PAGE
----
26017

History, 1834–1836

his feelings to him, (Joseph) with an assurance from the Lord that he would give him a revelation which should make known his duty.385

The 1835–1836 journal also includes these sentences: “last evening a brother from the east called upon me for instruction whose name is Jonathan Crosby also in the course of the day two gentlemen called upon me while I was cutting wood at the door and requestd an interview with the heads of the church which I agreed to grant to them on Sunday morning the 27 Inst.” The journal entry for the following day reported that the “two gentlemen” failed to keep their appointment, causing JS to conclude that “they were trifling characters.”  


The following is a revelation386

Now D&C 108.  


given to Lyman Sherman

22 May 1804–ca. 15 Feb. 1839. Born at Monkton, Addison Co., Vermont. Son of Elkanah Sherman and Asenath Hurlbut. Married Delcena Didamia Johnson, 16 Jan. 1829, at Pomfret, Chautauque Co., New York. Baptized into LDS church, Jan. 1832. Located at Kirtland,...

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Through Joseph Smith Jun. this 26th. day of Dec. 1835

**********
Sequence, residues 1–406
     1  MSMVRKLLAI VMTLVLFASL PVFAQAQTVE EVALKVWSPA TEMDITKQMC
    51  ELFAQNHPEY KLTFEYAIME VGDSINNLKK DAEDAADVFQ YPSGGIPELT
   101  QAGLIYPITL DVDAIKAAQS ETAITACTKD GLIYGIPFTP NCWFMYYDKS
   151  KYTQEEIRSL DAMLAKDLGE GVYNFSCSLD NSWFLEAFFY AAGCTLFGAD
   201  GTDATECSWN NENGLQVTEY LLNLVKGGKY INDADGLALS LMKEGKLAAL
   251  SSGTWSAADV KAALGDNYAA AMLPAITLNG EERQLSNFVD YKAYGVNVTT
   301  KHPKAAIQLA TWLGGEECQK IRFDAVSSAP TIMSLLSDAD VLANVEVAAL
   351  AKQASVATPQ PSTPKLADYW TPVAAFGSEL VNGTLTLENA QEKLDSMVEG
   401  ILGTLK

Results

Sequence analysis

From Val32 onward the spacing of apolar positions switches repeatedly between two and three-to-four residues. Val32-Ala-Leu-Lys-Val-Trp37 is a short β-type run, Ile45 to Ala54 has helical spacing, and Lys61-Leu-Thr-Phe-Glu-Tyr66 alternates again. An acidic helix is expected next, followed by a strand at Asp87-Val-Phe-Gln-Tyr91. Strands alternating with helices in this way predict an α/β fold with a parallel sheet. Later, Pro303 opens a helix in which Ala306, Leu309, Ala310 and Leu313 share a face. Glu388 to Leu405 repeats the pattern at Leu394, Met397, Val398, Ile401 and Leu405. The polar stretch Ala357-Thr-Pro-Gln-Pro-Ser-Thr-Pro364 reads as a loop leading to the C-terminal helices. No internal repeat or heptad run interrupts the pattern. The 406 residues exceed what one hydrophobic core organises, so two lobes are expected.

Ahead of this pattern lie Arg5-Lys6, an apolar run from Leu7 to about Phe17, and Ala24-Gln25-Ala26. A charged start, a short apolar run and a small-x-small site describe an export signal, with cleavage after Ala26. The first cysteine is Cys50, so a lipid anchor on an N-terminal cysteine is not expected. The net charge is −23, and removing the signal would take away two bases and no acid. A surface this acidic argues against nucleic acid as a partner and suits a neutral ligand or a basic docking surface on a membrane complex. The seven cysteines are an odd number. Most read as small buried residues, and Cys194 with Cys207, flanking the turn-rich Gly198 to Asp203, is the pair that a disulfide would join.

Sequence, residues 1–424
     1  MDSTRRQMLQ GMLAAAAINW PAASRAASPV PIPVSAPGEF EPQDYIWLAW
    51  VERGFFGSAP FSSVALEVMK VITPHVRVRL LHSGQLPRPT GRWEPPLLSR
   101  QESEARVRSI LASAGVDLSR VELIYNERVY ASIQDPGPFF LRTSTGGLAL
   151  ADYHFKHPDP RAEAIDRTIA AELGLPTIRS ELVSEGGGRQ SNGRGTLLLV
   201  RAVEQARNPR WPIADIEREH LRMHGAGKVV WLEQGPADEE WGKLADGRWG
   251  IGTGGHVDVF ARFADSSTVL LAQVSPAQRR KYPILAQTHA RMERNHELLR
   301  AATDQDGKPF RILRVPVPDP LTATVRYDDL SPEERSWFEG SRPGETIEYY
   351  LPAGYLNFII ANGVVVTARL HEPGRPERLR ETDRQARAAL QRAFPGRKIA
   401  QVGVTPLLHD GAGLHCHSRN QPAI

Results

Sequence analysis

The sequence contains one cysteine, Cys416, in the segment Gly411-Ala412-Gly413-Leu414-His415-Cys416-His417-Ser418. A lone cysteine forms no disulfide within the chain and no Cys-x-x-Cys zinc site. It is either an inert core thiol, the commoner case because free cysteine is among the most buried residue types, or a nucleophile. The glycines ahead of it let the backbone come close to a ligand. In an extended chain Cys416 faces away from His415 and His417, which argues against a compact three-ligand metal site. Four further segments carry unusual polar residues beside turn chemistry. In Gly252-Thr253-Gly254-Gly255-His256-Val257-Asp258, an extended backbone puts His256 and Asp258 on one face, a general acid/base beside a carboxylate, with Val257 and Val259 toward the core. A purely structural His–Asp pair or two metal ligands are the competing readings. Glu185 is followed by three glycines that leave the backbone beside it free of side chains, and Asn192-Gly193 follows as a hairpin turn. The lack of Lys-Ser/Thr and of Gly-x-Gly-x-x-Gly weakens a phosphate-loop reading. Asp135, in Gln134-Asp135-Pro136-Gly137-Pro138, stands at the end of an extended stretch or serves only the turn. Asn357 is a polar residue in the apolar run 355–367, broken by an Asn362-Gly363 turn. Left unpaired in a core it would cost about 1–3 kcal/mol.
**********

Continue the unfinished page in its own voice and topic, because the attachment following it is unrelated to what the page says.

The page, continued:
Verily thus saith the Lord unto you my servant Lyman

22 May 1804–ca. 15 Feb. 1839. Born at Monkton, Addison Co., Vermont. Son of Elkanah Sherman and Asenath Hurlbut. Married Delcena Didamia Johnson, 16 Jan. 1829, at Pomfret, Chautauque Co., New York. Baptized into LDS church, Jan. 1832. Located at Kirtland,...

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, your sins are forgiven you because you have obeyed my voice in coming up hither this morning to receive counsel of him whom I have appointed.
Therefore let your soul be at rest concerning your spiritual standing and resist no more my voice, and arise up and be more careful henceforth in observing your vows, which you have made, and do make, and you shall be blessed with exceeding great blessings. Wait patiently until the time when the solemn assembly shall be called, of my seventy,387

The copy of this revelation found in JS’s journal has “servants” instead of “seventy.”  


then you shall be remembered with the first of mine elders and receive right by ordination with the rest of mine elders whom I have chosen.